The White House is requesting the US Congress to examine whether the Obama administration abused its executive "investigative authority" during the 2016 campaign, as part of the ongoing congressional probe into Russia's influence on the presidential election.
The request on Sunday came a day after President Donald Trump alleged, without supporting evidence, that then-President Obama ordered a wiretap of the phones at Mr Trump's campaign headquarters in Trump Tower in New York.
White House spokesman Sean Spicer said Trump and administration officials would have no further comment on the issue until Congress has completed its probe, potentially heading off attempts to get Trump to explain his accusations.
"Reports concerning potentially politically motivated investigations immediately ahead of the 2016 election are very troubling," Mr Spicer said in a statement.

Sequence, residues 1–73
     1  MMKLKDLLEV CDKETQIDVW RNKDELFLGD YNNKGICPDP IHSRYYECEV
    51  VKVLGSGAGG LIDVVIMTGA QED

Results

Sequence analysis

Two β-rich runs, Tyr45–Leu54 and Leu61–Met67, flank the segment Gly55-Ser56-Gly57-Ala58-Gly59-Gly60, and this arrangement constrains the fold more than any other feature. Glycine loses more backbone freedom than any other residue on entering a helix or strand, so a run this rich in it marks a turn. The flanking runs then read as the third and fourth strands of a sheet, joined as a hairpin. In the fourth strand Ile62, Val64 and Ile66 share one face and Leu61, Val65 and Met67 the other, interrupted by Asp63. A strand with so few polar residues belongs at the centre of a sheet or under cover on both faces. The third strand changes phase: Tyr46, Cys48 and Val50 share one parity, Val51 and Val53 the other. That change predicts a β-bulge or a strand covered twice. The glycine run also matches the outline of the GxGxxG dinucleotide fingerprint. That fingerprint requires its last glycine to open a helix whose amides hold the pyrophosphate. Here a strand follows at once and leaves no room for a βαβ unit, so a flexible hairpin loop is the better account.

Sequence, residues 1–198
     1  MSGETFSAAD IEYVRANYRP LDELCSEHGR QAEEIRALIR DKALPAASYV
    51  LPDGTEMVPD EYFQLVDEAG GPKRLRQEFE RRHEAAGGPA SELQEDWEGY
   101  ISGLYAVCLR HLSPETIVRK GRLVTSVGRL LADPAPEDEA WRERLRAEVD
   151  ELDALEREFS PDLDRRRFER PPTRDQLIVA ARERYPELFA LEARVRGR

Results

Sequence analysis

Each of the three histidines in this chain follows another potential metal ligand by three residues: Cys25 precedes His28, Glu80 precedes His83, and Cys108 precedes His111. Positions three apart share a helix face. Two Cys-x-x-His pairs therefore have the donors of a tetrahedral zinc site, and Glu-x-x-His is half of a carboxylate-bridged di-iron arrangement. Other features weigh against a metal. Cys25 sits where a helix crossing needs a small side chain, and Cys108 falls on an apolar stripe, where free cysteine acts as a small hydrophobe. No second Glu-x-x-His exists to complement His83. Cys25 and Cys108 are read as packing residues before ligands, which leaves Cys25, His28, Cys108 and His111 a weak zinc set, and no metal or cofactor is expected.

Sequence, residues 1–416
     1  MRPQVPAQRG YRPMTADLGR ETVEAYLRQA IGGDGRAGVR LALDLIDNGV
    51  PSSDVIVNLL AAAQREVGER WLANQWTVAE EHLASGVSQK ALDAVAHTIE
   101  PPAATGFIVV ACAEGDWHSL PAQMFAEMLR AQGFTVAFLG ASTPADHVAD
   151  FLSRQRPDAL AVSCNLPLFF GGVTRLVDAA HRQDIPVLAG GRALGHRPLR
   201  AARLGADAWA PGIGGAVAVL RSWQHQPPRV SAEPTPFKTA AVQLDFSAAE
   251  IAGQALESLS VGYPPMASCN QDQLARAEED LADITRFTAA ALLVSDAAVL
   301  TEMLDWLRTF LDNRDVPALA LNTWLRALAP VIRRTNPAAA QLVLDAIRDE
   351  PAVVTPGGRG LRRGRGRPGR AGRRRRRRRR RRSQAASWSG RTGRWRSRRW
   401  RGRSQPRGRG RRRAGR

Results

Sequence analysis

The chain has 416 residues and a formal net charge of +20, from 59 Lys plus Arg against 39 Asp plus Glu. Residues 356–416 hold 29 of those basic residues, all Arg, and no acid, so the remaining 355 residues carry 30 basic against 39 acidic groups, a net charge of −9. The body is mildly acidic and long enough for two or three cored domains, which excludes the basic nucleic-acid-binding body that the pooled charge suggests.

Mr Trump made the wiretapping accusation in a series of early morning tweets on Saturday amid expanding scrutiny of his campaign's ties to Russia. An Obama spokesman denied the charge, saying it was "a cardinal rule" that no White House official interfered with independent Justice Department investigations.
Under US law, a federal court would have to have found probable cause that the target of the surveillance is an "agent of a foreign power" in order to approve a warrant authorising electronic surveillance of Trump Tower.
Spokesman for Mr Obama Kevin Lewis said the accusation was "simply false".
"A cardinal rule of the Obama Administration was that no White House official ever interfered with any independent investigation led by the Department of Justice," he said in a statement.
"As part of that practice, neither President Obama nor any White House official ever ordered surveillance on any US citizen. Any suggestion otherwise is simply false."
Reuters / Newshub.